The Lord's My Shepherd
A LATE change in column content today, for the one originally written was deemed too controversial for online use (actually we're trying to drum up some programme sales!). So if you want to read all about football, the crossroads and the devil, you’re just going to have to pick up a copy of Albion News on Saturday.
Instead, from talking of the devil to angels in the architecture instead…
A few of you hardy souls will have noticed that Albion News has embraced the world of antisocial media and joined twitter – get on it at @wbafcprogramme if you will.
Amongst the many things that we tweet are programme pages and covers from yesteryear and, on Monday February 23, we brought you the cover from the game on that day in 1974, a home fixture with Bristol City.
It was an historic occasion for two reasons in particular, the more important being that this was the day when Jeff Astle scored the last of his 174 senior goals for the Throstles.
Other than that, the game kicked off at an odd time, 2.45pm. The reason? The miners were on strike and as a consequence, British industry was crippled by a power shortage.
A three day working week was introduced, power cuts were commonplace and as a consequence, even the national game had to do a bit of creative thinking to cope with the restrictions.
Amongst these changes was the bringing forward of kick-off times so that games might be played in daylight rather than having to have the floodlights on – these were in the days before HD-TV and the need for stadium lighting brighter than a film set, when games were played out in dingier circumstances.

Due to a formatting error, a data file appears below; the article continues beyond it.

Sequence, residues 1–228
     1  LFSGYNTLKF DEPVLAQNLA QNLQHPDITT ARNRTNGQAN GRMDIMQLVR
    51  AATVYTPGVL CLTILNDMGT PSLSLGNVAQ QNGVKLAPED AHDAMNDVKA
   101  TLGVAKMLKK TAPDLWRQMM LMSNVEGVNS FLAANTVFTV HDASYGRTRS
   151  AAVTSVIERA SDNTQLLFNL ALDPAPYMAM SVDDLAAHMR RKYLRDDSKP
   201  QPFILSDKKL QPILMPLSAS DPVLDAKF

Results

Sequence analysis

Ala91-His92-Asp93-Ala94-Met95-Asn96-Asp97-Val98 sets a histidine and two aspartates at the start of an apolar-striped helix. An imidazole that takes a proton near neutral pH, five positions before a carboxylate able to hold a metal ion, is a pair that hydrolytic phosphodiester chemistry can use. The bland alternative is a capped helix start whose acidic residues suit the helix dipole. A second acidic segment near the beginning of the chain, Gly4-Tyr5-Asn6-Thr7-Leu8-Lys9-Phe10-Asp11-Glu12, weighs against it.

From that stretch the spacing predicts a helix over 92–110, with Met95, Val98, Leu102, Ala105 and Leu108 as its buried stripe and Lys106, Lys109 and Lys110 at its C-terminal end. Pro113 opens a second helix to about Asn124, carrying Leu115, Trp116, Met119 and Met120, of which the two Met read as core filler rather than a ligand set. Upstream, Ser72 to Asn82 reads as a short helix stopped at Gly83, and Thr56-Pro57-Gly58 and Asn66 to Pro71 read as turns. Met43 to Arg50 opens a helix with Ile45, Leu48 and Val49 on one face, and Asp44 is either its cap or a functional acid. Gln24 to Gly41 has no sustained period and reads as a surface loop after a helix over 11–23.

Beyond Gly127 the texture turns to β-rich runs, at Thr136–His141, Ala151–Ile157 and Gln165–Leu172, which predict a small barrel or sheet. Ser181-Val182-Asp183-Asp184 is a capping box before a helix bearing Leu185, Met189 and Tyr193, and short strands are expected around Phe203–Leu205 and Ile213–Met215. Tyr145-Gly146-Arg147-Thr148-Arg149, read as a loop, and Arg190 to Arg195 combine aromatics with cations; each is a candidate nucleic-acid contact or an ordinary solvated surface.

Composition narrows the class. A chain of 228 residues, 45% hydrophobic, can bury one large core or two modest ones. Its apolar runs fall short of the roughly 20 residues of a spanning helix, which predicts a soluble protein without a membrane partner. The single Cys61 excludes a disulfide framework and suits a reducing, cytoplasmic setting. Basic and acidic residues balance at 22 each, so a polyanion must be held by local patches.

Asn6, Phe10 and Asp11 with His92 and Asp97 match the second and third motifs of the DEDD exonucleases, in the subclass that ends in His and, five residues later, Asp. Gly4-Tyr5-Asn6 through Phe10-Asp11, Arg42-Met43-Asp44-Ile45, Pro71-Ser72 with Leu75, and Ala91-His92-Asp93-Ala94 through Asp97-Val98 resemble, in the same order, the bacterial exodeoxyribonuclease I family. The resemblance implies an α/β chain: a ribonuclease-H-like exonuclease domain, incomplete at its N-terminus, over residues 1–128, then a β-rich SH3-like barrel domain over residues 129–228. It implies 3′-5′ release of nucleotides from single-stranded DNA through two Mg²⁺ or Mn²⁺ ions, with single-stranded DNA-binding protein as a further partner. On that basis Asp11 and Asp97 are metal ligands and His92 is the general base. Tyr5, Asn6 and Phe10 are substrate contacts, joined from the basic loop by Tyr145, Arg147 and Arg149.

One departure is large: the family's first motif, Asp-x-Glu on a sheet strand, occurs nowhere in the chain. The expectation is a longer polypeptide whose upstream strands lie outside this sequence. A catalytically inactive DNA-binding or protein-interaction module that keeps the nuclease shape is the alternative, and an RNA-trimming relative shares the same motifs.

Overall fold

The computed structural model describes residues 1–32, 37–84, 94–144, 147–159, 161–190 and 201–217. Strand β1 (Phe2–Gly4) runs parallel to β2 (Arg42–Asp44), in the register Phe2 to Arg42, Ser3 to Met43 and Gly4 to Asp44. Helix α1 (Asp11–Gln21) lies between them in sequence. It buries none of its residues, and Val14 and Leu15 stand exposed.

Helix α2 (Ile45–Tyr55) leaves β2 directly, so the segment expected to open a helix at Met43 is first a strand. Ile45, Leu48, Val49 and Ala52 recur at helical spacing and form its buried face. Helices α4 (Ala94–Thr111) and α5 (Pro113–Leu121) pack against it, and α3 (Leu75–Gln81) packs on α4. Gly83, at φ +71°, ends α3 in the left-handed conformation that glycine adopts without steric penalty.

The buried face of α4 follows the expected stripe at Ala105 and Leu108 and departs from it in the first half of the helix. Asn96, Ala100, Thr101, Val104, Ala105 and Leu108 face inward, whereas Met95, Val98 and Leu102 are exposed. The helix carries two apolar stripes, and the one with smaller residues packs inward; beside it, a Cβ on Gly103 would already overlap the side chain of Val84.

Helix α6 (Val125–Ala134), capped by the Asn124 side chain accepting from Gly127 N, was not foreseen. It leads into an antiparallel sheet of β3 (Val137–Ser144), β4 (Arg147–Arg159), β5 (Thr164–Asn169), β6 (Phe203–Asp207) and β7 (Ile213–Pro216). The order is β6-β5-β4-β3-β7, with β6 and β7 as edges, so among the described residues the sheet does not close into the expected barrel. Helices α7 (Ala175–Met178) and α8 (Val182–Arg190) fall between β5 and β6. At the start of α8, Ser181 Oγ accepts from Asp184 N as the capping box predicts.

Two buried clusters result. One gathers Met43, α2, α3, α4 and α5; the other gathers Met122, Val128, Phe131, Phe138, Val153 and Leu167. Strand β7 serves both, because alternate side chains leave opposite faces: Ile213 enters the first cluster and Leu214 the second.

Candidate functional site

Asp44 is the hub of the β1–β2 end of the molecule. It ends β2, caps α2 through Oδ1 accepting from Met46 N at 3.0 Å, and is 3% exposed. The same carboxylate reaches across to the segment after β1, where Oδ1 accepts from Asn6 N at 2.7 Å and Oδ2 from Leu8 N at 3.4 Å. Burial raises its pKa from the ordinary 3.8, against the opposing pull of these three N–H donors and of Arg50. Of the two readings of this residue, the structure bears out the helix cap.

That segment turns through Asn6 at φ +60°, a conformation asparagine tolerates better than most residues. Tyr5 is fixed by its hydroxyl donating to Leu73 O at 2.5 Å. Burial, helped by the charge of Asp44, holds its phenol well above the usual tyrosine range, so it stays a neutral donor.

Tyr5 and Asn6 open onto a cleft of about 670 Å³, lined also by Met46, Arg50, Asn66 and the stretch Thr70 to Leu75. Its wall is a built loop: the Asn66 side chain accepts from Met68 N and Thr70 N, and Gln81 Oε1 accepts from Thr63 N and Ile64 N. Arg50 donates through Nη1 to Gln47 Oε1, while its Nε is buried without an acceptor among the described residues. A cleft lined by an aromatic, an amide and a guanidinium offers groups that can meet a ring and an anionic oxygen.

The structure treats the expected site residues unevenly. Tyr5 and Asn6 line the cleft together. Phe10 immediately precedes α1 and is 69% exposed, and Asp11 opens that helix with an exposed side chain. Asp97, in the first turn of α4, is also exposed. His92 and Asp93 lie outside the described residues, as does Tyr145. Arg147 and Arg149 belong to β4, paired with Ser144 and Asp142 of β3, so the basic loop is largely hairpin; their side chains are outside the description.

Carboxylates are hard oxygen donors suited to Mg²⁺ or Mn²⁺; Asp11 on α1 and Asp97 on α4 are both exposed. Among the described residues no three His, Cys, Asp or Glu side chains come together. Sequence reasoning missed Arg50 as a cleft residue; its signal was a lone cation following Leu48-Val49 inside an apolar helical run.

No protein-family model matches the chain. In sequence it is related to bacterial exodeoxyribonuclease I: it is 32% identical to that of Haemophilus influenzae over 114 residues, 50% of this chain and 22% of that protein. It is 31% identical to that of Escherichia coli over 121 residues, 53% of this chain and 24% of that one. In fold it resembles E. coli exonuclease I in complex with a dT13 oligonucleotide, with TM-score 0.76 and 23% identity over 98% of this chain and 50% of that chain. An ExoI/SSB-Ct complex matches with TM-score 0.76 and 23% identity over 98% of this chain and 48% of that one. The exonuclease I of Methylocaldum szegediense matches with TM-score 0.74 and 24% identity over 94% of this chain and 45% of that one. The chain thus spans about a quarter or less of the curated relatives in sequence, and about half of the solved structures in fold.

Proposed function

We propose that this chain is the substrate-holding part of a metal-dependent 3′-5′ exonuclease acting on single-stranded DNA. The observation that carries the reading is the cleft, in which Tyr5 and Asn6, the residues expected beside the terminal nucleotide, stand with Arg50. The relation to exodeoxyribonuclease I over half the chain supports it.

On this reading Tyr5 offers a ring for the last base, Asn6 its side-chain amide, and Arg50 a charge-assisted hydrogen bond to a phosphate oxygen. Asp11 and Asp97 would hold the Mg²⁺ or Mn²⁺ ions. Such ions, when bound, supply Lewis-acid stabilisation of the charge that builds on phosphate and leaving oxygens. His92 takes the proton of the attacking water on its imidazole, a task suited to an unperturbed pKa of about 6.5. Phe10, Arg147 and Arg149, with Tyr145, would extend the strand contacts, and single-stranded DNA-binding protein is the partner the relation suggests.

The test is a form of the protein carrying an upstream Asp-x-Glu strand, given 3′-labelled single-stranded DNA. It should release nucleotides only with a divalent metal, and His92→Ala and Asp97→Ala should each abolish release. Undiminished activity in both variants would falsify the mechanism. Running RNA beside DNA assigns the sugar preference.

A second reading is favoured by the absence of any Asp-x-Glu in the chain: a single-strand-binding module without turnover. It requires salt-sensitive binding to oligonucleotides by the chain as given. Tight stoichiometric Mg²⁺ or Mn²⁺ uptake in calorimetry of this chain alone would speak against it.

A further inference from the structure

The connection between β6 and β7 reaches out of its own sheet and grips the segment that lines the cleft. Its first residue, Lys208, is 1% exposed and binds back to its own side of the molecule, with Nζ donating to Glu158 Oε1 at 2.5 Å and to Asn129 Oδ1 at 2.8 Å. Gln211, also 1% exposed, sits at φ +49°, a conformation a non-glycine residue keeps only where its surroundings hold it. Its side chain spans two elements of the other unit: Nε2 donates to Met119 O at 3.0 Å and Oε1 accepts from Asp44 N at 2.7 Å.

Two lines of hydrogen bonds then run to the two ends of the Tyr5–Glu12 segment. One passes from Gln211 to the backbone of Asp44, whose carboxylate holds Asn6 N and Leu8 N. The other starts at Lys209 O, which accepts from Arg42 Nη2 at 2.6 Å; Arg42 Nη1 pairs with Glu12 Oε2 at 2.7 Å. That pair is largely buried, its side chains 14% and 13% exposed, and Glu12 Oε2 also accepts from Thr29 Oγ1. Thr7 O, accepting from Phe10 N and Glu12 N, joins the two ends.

Even then, back up generators were ferried into many grounds to ensure that if the lights did need to go on then even the best efforts of the NUM (National Union of Miners) and Ted Heath’s government together could not stop football rolling on.
So desperate was the plight back then that we were even allowed Sunday football in order to get more fixtures in before the cover of darkness demanded the use of electricity. And thus, legend has it, did the Throstletariat alight upon a song that has served us well lo these two score years and one.
Albion supporters being deeply religious souls, they were in two minds about being drawn away from their holy devotions and there was much wailing and gnashing of teeth about trading a Sunday in the company of the Church of England for one with the Church of Albion as we played our first Sunday game up at Goodison Park in the FA Cup.
As is the habit of the English, a compromise was reached and so while the Throstletariat congregated at the match, obviously, just so God didn’t feel left out, hymn books were packed beneath surplices and hauled out for the game. Dearly beloved, let us turn now to Psalm 23. And so a tradition was born.
And how appropriate remains that song even now for, with an election in the offing, just as it was in early 1974, then God help us…